What are the SHIELD Act’s requirements?

The SHIELD Act introduces significant changes to existing General Business Law 899aa including:

  • The law broadens the definition of “personal information”- The SHIELD Act expands on the definition of personal information to include biometric information, account numbers, access codes, debit, and credit card numbers, email addresses, usernames, passwords, and security questions and answers.
  • The law expands the definition of a “breach”- Under General Business Law 899aa, a breach was defined as “unauthorized acquisition of computerized data”. Conversely, the SHIELD act defines a breach as “unauthorized access of a computerized data that compromises the security, confidentiality, or integrity of private information”.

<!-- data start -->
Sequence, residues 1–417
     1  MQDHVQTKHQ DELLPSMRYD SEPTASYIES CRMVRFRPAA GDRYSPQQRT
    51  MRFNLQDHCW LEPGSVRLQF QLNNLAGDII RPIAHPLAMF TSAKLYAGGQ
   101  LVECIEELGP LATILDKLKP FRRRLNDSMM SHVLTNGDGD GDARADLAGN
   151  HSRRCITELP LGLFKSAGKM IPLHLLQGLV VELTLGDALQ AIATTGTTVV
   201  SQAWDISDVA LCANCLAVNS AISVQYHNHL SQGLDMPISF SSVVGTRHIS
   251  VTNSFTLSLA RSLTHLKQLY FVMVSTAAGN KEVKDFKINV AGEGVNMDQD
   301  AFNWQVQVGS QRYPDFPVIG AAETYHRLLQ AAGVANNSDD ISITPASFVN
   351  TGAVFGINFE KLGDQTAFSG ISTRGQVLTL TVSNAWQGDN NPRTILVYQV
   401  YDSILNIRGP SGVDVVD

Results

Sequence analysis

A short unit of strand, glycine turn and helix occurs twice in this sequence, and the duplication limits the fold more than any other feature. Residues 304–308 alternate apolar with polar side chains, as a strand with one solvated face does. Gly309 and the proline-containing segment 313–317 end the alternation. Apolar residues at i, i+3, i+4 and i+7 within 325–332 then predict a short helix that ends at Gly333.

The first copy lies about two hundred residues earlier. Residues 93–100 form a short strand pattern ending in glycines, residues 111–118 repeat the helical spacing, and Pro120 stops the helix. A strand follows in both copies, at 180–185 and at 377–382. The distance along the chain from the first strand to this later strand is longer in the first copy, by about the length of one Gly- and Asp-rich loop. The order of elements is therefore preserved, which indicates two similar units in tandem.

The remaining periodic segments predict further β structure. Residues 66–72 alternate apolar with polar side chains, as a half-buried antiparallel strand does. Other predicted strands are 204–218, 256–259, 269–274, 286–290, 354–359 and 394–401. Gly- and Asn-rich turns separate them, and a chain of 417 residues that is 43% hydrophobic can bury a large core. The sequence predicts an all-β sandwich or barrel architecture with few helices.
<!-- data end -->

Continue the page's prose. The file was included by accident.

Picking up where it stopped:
• The law also provides specific examples of unauthorized access and updates the procedures that businesses must follow in the event of a breach.
  • The law expands the territorial scope- General Business Law 899aa was limited to “parties that conducted business in New York”. Under the SHIELD Act, this scope is expanded to include any person or business that owns or licenses the private information of a New York resident. With this broadened definition, many companies who previously were not subject to General Business Law 899aa must now adhere to the SHIELD Act.
  • The law imposes new data security requirements- The SHIELD Act mandates that companies and businesses adopt reasonable safeguards to protect the security, confidentiality, and integrity of personal information. Businesses and companies are advised to implement a data security program that includes specific measures, risk assessments, employee training, vendor contracts, and timely data disposal. Moreover, it also requires business entities to designate an employee to oversee cybersecurity operations.